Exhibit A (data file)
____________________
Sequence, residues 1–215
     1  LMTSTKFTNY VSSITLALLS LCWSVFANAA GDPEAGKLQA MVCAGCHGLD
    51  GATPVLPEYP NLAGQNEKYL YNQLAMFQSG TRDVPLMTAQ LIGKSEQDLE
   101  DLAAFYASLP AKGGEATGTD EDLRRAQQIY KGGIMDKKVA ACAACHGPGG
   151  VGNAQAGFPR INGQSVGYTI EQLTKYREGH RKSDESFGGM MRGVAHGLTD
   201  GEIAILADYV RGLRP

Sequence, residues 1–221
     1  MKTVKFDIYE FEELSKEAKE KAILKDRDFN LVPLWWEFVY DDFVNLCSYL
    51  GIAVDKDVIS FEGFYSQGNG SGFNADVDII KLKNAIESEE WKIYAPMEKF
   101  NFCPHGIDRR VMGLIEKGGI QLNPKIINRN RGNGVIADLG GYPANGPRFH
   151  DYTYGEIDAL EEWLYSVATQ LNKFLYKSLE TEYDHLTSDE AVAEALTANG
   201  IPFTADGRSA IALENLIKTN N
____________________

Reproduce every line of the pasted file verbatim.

Sequence, residues 1–215
     1  LMTSTKFTNY VSSITLALLS LCWSVFANAA GDPEAGKLQA MVCAGCHGLD
    51  GATPVLPEYP NLAGQNEKYL YNQLAMFQSG TRDVPLMTAQ LIGKSEQDLE
   101  DLAAFYASLP AKGGEATGTD EDLRRAQQIY KGGIMDKKVA ACAACHGPGG
   151  VGNAQAGFPR INGQSVGYTI EQLTKYREGH RKSDESFGGM MRGVAHGLTD
   201  GEIAILADYV RGLRP

Sequence, residues 1–221
     1  MKTVKFDIYE FEELSKEAKE KAILKDRDFN LVPLWWEFVY DDFVNLCSYL
    51  GIAVDKDVIS FEGFYSQGNG SGFNADVDII KLKNAIESEE WKIYAPMEKF
   101  NFCPHGIDRR VMGLIEKGGI QLNPKIINRN RGNGVIADLG GYPANGPRFH
   151  DYTYGEIDAL EEWLYSVATQ LNKFLYKSLE TEYDHLTSDE AVAEALTANG
   201  IPFTADGRSA IALENLIKTN N